Governor Mark Sanford Could Be You or Me

June 30, 2009

It has been stated throughout the unfolding of the circumstance for South Carolina Governor Mark Sanford that he often would retreat after legislative sessions because they would wear him out. Retreating and refreshing is good, but at some point, Mark made some dangerous decisions about his integrity. Most likely, those decisions came in weariness and fatigue. They almost always do.

Pastor Gary Lamb recently said that in the couple of weeks after his resignation as a result of his affair, he had received over 30 anonymous emails from Pastors who admitted in those emails they were currently in the middle of an adulterous affair.

As stated in this post, there are a number of politicians who have admitted their moral failings recently. Is it just me, or does it seem like this is happening left and right?

We could list (and it would be LONG) Pastors who have shipwrecked their families and ministries because of sexual indiscretions as well. In the last post on this issue, I stated that we too often make our public figures more than human.

I don’t mean for this post to communicate that we should do that, but I also can’t help but wonder if God is not cleaning house among us. I’m talking about Pastors, not Politicians. It’s very interesting to me that this is happening with Politicians as well, but my primary focus here is Pastors.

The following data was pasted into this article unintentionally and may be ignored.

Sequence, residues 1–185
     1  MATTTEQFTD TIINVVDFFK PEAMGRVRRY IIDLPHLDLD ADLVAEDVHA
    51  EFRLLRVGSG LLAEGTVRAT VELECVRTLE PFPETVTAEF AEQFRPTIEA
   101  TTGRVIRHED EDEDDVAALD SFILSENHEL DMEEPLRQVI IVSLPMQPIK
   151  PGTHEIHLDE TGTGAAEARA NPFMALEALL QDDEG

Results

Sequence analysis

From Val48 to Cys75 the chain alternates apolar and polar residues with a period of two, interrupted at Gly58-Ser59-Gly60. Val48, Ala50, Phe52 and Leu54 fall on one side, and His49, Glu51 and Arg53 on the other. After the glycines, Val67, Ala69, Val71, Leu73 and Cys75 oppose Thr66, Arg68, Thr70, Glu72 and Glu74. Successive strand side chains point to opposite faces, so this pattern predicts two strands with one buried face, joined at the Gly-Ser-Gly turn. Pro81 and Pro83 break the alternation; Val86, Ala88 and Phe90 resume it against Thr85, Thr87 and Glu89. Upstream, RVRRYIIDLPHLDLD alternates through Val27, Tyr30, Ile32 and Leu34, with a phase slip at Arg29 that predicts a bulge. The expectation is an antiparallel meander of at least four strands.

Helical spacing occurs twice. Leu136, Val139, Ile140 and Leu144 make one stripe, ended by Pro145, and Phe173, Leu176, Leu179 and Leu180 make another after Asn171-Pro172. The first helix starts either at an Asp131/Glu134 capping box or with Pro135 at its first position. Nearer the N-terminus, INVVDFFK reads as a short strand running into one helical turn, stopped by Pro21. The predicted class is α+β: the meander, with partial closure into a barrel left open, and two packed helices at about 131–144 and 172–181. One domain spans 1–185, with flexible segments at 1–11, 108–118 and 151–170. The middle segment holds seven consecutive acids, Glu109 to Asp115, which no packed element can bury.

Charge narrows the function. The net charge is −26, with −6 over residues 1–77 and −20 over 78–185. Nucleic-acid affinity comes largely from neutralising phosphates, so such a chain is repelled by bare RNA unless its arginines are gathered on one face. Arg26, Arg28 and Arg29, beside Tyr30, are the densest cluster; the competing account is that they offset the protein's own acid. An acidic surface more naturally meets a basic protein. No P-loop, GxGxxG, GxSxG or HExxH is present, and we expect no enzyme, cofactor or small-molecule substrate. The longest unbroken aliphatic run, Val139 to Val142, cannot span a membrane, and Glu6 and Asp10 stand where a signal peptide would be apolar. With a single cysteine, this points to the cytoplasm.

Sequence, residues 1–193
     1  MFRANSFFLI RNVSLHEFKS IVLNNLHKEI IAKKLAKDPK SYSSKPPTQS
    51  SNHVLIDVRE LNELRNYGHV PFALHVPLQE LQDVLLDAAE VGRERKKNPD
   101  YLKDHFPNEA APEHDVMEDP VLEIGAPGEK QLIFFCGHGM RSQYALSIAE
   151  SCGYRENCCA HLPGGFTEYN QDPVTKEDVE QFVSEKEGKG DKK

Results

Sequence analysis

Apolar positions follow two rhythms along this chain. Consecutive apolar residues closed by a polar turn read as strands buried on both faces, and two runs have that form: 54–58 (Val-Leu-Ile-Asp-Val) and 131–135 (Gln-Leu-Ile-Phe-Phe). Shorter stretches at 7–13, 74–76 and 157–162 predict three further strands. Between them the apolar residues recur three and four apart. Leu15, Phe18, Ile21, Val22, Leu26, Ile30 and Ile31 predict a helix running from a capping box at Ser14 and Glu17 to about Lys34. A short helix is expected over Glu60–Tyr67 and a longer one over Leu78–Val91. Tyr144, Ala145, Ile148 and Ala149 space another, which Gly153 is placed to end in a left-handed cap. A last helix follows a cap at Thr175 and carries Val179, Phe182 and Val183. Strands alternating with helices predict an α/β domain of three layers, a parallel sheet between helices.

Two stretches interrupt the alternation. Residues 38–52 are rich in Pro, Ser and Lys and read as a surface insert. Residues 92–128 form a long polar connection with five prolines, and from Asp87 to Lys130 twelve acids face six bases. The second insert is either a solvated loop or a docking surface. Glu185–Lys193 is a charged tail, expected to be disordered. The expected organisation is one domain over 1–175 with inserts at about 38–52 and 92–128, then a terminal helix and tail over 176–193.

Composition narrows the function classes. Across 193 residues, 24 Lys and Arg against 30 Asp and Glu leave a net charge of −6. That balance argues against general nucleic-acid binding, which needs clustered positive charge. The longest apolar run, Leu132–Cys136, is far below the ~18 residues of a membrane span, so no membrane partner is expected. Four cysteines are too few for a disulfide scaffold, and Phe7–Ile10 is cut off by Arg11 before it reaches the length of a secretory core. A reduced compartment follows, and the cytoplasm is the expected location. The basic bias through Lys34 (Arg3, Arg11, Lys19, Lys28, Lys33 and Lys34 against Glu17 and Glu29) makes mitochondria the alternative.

The focus of this particular post comes back to self-care. It sounds like Mark Sanford had somewhat of a good sense and rhythm of self-care, though not knowing him it’s hard to really say. But it’s notable that he knew himself enough that when he was tired, he would get away to refresh.

Obviously, his trip to Argentina wasn’t about refreshing himself. But Argentina didn’t happen overnight, and affairs never do. They start slowly and grow in a process of decisions that lack integrity and honesty with important people.

How are you doing in this area? Are you taking care of you? Have you gotten away lately to be restored in energy, passion and vision? Are you taking your Sabbath and spending honest time with your family and friends?

Erwin McManus & Dave Gibbons on Burnout

June 27, 2009

There’s an interesting conversation posted over here between Erwin McManus and Dave Gibbons. In it, they share the following on pastoral burnout:
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How to avoid burnout?

  • Erwin: Not the bible that helps someone live a moral life (it’s when people are truly connected to Jesus)
  • There are lots of lost people that live honorable lives
  • It’s about escape (that’s why someone kills their wife instead of divorcing); pastors want to get out so they self-destruct
  • Burnout is about doing something you don’t love way too much
  • When you do something you love, you become “addicted” (like athletes who get addicted to pain and practice)
  • Listen to your soul (it’s ok to change; take ownership); I once was this person but now I’m not; we don’t give each other an out
  • Don’t do things b/c you like the outcome idea, but b/c the process is rewarding
  • Primary movement of life is from illusion to reality (figure out a way to penetrate the illusions, and then you found something that’s a treasure; then it’ll help you live a fruitful life)